Avoiding thermal bridging when fixing EPS


external wall insulation fixings

EPS caps

An essential element of any good external wall insulation system is the capping of mechanical fixings.

This stage takes place after the EPS boards are stuck to the wall with adhesive and then reinforced with metal fixings. These little foam caps may not look like much, but they can be crucial for the final finish of a project. The main consideration when installing external wall insulation is minimising cold bridging. There is no point fitting a system if you are effectively creating pathways for cold to travel inside through your walls in cold weather.

When installers rush (or try to save money) by missing out this step, it can really affect the final finish and the difference in thermal comfort that the EPS can bring to your home.

Below, you can see a wall with mechanical fixings, but no EPS caps. EPS (expanded polystyrene) is a fantastic insulator, and is used to block gaps made by the fixings. Without these caps, the insulation is could suffer as a result of cold air being transferred through the fixing rods.

The use of caps is optional, as the system will be structurally sound without them, but they are a final line of defence against thermal bridging. If EPS caps are not used, it is important to use (more expensive) plastic fixing rods, rather than metal. Because metal is a conductor, it can encourage heat transfer between inside and outside, which is exactly what solid wall insulation is designed to avoid. We recommend using caps to ensure a highly effective system which is guaranteed to perform for years. You can see examples below:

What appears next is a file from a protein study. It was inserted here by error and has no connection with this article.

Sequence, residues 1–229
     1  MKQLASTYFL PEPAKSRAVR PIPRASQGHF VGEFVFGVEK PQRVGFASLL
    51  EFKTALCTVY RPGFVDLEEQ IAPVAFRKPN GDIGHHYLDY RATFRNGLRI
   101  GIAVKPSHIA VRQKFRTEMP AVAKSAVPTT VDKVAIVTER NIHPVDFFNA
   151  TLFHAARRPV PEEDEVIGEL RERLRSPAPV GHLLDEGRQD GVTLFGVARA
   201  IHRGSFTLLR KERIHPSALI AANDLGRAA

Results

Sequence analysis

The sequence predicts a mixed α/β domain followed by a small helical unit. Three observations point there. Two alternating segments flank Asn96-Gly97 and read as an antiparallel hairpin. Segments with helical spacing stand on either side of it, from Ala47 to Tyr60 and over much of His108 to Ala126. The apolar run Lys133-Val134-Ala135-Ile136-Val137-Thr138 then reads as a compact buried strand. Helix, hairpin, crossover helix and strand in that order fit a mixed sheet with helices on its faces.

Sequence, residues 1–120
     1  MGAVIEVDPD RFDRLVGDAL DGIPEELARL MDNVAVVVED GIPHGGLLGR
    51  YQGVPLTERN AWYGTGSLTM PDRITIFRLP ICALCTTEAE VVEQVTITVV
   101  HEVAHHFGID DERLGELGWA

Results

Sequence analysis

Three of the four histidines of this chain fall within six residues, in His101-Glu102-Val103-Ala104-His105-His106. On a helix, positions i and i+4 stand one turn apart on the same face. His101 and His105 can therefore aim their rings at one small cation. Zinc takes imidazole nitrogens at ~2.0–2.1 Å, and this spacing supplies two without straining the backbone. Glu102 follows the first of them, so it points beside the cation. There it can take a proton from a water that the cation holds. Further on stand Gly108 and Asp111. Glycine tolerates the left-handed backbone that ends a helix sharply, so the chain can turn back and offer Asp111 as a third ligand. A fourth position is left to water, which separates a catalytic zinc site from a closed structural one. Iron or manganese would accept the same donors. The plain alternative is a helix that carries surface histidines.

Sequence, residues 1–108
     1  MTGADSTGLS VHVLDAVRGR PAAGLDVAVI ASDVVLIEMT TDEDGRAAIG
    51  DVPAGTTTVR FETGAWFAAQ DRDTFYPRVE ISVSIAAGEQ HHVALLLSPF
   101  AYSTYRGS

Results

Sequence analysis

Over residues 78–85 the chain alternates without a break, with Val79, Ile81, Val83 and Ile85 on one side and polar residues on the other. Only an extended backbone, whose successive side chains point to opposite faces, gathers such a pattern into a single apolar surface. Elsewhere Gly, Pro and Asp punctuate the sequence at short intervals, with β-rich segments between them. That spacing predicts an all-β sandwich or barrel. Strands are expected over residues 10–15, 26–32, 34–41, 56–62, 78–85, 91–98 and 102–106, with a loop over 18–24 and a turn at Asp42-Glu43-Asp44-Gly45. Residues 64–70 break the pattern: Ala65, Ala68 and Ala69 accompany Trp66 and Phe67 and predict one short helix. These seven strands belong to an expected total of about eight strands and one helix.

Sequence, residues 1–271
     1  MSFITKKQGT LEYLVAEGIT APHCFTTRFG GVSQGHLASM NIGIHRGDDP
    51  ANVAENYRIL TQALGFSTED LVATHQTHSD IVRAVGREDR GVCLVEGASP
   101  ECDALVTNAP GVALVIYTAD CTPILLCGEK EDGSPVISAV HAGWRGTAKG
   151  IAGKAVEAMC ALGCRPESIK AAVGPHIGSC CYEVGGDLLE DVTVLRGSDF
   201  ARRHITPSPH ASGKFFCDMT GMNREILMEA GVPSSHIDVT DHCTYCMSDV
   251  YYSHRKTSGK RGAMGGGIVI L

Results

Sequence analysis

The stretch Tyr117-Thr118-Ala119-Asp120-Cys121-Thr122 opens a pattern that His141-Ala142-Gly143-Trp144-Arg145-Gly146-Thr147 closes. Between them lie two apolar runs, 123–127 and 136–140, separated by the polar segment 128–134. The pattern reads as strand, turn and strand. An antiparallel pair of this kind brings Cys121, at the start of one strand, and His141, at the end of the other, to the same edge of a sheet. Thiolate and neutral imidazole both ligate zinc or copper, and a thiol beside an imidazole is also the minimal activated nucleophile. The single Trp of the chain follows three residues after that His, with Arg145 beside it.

At Be Constructive we want to make sure we give our customers the best options, and that is why we are one of the leading solid wall installers in the UK.

south norwood2

The finished product


Give us a call today if you’d like any more information, or for a no-obligation quote.


    • Garland Spomer
    • 12.06.2017
    • Reply

    My architect keeps on going on about thermal bridging. How important is it really and does every installer consider thermal bridges? Some of the builders I’ve spoken to don;t seem to care about them much.

      • Alan Bouquet
      • 21.06.2017
      • Reply

      Hi Garland,
      In terms of the energy efficiency, cold bridging only has a minimal impact on the performance of the system in most cases. We are talking a few percent.

      But in some things like the capping of the fixings, avoiding cold bridging is absolutely crucial. You might not lose much heat , but there can be other consequences, like marking of the render and damp internally.

      Basically it can be important for some parts of the job and less so for others. Its always best to avoid cold bridging but on some jobs it just isn’t possible without some huge refurbishment works to the property, like changing windows!


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